In particular when it comes to the situation with a varying hardness, the case mentioned above where elastic and plastic deformations are of comparable magnitude, very little is known about the effect of a stress state that is not equibiaxial. It is therefore the intention of the present investigation to remedy this shortcoming.
In doing so, finite element simulations for the case of a uniaxial residual stress state will be performed, and correlation with global indentation quantities is analyzed, discussed and compared to corresponding equibiaxial results first presented in Ref 16. The investigation is restricted to cone indentation of elastic–perfectly plastic materials, but generality of results, for example, to a contact situation with other indenter geometries and other types of plastic strain hardening can be expected, cf. Ref 4, 5.
Theoretical Background
The theoretical foundation as to a large extent presented in for example (Ref 16) will be used for background. This background includes residual stress determination at rigidplastic conditions, based on the size of the contact area between the material and the indenter, as well as the new features associated with the loss of hardness invariance in case of indentation where elastic and plastic deformation are of comparable magnitude. In this background section, it is assumed that equibiaxiality of field variables prevails.
The results in Fig. 4 are pertinent to an equibiaxial residual stress state, which is an important special case to be expected, for example, at temperature loading of thin film/substrate structures. A more general approach to the problem is of course of substantial interest, and for this reason, the analysis below will also include uniaxial residual, or applied, stress states encountered in a practical situation at for example unidirectional bending.
Numerical Analysis
In this section, the present finite element simulations of the cone indentation problem are described. It is then important to emphasize that due to the fact that uniaxial residual stress states are considered, axisymmetric conditions are lost and a full threedimensional solution has to be sought for. Similar analyses have been performed previously, for example, in Ref 15), and according to concerning details of the numerical approach, this article is referred to.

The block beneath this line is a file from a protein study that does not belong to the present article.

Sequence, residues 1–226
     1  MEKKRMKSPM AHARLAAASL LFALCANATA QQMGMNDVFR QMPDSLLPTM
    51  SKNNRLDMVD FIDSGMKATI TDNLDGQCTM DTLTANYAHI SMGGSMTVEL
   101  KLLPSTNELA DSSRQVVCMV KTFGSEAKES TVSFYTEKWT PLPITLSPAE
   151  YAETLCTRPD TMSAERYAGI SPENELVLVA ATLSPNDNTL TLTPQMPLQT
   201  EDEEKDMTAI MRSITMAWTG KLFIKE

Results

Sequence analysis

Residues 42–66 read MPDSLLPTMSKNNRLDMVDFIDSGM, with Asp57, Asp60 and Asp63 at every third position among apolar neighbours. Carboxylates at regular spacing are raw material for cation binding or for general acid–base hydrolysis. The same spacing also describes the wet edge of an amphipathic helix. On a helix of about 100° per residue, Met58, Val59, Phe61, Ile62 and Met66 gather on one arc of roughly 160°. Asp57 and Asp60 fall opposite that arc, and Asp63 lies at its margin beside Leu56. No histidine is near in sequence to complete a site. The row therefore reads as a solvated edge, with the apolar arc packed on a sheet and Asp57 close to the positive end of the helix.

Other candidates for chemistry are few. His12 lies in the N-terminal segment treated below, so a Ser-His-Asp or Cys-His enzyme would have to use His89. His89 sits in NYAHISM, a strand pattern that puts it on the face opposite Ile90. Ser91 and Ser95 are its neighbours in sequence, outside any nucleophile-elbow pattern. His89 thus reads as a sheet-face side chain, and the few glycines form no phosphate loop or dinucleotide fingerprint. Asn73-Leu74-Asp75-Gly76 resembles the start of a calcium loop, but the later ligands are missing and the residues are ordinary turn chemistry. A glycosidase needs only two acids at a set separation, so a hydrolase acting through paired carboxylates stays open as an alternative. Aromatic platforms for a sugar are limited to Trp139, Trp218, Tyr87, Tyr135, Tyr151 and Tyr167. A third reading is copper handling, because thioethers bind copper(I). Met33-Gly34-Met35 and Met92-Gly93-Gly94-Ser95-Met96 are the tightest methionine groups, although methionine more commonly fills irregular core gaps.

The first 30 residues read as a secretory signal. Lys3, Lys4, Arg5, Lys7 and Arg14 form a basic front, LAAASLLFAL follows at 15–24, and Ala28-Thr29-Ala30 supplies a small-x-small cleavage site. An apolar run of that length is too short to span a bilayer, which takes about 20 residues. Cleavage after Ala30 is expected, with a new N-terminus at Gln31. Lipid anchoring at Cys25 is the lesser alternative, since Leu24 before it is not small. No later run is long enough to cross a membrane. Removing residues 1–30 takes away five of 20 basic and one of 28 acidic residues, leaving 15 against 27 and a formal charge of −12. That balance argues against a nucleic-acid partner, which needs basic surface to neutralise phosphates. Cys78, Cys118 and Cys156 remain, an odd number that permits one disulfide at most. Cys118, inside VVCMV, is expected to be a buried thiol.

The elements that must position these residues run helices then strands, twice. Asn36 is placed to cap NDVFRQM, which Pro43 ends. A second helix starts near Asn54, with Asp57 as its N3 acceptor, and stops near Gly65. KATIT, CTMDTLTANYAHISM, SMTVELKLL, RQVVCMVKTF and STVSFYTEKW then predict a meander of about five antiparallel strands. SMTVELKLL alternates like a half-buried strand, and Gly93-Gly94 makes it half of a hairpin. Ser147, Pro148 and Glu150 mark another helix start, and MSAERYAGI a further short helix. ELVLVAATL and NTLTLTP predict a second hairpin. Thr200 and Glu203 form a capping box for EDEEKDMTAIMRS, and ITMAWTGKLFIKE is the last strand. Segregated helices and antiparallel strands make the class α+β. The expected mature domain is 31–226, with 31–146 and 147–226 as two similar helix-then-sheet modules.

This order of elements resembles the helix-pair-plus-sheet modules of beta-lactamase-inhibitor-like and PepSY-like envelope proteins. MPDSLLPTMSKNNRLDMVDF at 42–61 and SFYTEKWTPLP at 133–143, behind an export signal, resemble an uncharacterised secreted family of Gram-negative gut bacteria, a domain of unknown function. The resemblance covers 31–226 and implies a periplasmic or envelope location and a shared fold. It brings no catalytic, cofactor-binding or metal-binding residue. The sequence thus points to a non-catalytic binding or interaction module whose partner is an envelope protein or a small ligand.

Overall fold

When elastic loading, or unloading, is at issue, a hypoelastic formulation in Hooke’s law is used.
Results and Discussion
It should be emphasized that compressive stresses will increase Λ, when again defined according to Eq 4 and 5, leading to a more pronounced level III (rigidplastic) situation pertinent to the material hardness, which is not of direct interest presently. However, compressive residual stresses are included in the analysis for clarity and of course also to analyze the hardness invariance at ln Λ > 3, approximately (Λ defined according to Eq 4 and 5).
Before presenting explicit results, it should also be mentioned that in the present situation a direct comparison between uniaxial and equibiaxial results is rather straightforward based on the Mises effective stress σ_{e}. In short, this is due to the fact that the value on the effective stress σ_{e} is the same (σ_{e} = σ_{res}) for both the residual stress systems in 10 and 11. (Obviously this refers to a situation prior to indentation.) Clearly, since surface residual stresses are at issue, the principal stress σ_{3} = 0.